Today, the President of the Biennale di Venezia, Paolo Baratta, and the 13th International Architecture Exhibition Director, David Chipperfield, met at Ca’Giustinian with the representatives of the 41 countries participating in the exhibition, including representatives of Kosovo, Kuwait and Peru for the first time. David Chipperfield announced the theme of this year’s Biennale is to be Common Ground. Continue reading for more information.
David Chipperfield states, “I want this Biennale to celebrate a vital, interconnected architectural culture, and pose questions about the intellectual and physical territories that it shares. In the methods of selection of participants, my Biennale will encourage the collaboration and dialogue that I believe is at the heart of architecture, and the title will also serve as a metaphor for architecture’s field of activity.”
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“I am interested in the things that architects share in common, from the conditions of the practice of architecture to the influences, collaborations, histories and affinities that frame and contextualize our work. I want to take the opportunity of the Biennale to reinforce our understanding of architectural culture, and to emphasize the philosophical and practical continuities that define it.
The title ‘Common Ground’ also has a strong connotation of the ground between buildings, the spaces of the city. I want projects in the Biennale to look seriously at the meanings of the spaces made by buildings: the political, social, and public realms of which architecture is a part. I do not want to lose the subject of architecture in a morass of sociological, psychological or artistic speculation, but to try to develop the understanding of the distinct contribution that architecture can make in defining the common ground of the city.
This theme is a deliberate act of resistance towards the image of architecture propagated in much of today’s media of projects springing fully formed from the minds of individual talents. I wish to promote the fact that architecture is internally connected, intellectually and practically, sharing common concerns, influences and intentions.
My method of selecting architects will reinforce the theme by making collaboration and dialogue fundamental to the Biennale. We will invite contributors to make a proposal for exhibits or installations but also ask them to propose others they want to collaborate with. In this way, the initial selection by the curatorial team is complemented by a further series of relationships initiated by selected architects.
The proposed dialogues will hopefully cross boundaries of age, style, geography and discipline. They also might identify the critical roles of other parts of architectural culture: the media, research institutions, schools, publishers, galleries, foundations and so on. The results, I hope, will use every available medium to tell stories about the common ground of the profession, and of the city.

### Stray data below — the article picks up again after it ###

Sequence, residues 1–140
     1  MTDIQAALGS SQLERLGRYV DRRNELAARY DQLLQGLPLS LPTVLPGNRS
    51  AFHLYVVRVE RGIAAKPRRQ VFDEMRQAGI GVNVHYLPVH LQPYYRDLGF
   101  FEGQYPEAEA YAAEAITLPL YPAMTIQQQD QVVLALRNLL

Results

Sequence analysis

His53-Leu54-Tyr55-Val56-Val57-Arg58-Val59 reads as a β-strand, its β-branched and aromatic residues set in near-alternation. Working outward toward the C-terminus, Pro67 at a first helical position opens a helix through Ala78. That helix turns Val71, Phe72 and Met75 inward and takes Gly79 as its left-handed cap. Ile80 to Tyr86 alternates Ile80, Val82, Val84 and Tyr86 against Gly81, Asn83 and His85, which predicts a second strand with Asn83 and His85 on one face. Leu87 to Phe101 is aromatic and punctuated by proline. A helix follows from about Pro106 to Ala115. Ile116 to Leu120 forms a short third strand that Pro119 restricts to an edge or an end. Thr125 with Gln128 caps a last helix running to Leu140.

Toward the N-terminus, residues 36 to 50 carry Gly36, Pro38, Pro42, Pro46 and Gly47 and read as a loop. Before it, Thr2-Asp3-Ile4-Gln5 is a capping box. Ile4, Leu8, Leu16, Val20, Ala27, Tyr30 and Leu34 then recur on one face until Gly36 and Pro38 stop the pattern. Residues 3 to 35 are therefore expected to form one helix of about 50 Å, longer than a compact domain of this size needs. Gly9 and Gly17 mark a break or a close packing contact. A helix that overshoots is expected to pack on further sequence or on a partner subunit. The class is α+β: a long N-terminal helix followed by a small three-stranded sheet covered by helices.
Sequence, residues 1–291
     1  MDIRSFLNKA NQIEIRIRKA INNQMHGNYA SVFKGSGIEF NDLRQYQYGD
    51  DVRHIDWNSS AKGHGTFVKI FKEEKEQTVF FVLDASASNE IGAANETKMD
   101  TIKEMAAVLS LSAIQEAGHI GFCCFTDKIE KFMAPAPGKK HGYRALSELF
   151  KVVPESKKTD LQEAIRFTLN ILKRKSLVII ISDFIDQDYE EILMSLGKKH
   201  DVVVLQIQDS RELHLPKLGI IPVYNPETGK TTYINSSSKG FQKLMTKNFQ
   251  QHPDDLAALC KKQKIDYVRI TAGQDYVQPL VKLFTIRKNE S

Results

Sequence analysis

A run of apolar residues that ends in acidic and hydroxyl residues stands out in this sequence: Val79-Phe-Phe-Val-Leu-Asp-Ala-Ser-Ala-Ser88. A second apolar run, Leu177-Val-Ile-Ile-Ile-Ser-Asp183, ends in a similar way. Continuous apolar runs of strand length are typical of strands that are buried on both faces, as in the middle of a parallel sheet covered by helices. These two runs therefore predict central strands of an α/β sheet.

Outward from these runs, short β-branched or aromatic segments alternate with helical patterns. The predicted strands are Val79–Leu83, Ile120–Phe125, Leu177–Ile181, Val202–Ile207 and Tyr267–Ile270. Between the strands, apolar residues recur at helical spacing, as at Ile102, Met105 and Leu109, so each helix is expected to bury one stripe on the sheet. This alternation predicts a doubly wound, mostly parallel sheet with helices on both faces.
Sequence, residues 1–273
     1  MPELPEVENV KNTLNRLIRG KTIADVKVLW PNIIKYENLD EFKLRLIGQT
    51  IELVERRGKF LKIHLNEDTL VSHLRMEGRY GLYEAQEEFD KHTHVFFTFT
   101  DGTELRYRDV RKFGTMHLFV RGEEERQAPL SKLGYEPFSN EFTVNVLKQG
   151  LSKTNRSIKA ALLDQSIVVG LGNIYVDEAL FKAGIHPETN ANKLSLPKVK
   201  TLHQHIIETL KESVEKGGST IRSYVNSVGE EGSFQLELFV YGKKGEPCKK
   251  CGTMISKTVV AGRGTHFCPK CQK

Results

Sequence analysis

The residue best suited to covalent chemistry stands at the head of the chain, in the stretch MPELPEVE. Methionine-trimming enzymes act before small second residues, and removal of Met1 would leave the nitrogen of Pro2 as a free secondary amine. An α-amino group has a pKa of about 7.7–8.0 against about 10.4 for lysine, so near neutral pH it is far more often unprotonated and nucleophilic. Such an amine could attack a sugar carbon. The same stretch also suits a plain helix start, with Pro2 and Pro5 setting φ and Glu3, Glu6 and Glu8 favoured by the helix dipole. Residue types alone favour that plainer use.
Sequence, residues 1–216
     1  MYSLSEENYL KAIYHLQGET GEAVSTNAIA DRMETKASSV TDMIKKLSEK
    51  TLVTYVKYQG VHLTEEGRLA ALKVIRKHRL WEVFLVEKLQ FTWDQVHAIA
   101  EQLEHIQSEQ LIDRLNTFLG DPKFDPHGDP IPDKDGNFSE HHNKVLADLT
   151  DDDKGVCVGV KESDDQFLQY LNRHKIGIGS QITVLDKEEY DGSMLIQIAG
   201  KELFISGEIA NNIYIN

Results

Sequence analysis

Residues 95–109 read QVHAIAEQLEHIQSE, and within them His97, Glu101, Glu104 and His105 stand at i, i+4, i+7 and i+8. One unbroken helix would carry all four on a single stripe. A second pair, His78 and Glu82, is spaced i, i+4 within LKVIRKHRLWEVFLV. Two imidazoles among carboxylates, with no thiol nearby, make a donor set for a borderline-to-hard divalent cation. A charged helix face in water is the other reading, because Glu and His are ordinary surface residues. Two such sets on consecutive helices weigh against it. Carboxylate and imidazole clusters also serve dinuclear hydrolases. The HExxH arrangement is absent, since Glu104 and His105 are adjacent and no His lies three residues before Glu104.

My intention is to make neither an exclusive selection of projects on the basis of prejudice and taste, nor an uncritically inclusive exhibition. We wish to give the participants an opportunity to explain work within the wider context of architectural practice, not only as a demonstration of their own talent, but also to unite us in defining our ambitions and responsibilities.”
“By appointing Kazuyo Sejima we brought the Exhibition back into the hands of an architect – President Paolo Baratta has said – and now we are so lucky to have David Chipperfield with us. The Biennale exhibitions in recent years had broadened the representation of architecture by emphasizing its connections with a series of big social, urban, environmental and political ‘issues’. So it appeared useful to turn to an architect who demonstrates great interest in architecture as a discipline and raises questions about the elements of which it is composed, about the objectives it pursues, about the constraints that affect it, about the tools that it uses to shape places, spaces, buildings. The next Architecture Exhibition will be characterized by the emphasis on a series of relationships that connect great architects and younger generations that refer to them. This Exhibition will represent a major opportunity to bring both the general public and the world of architecture up to date. This is also why it has already begun to organize the program involving Universities from all around the world, entitled Biennale Sessions, successfully tested during the last edition of the Exhibition.”
The 13th International Architecture Exhibition of the Biennale di Venezia will also present, as is traditional, the National Participations with their own exhibitions in the Pavilions at the Giardini and at the Arsenale, and in the historic city centre of Venice.
This edition will also include selected Collateral Events, presented by international entities and institutions, which will present their exhibitions and initiatives in Venice concurrently with the 13th Exhibition.
The Exhibiton will take place from August 29th to November 25th, 2012.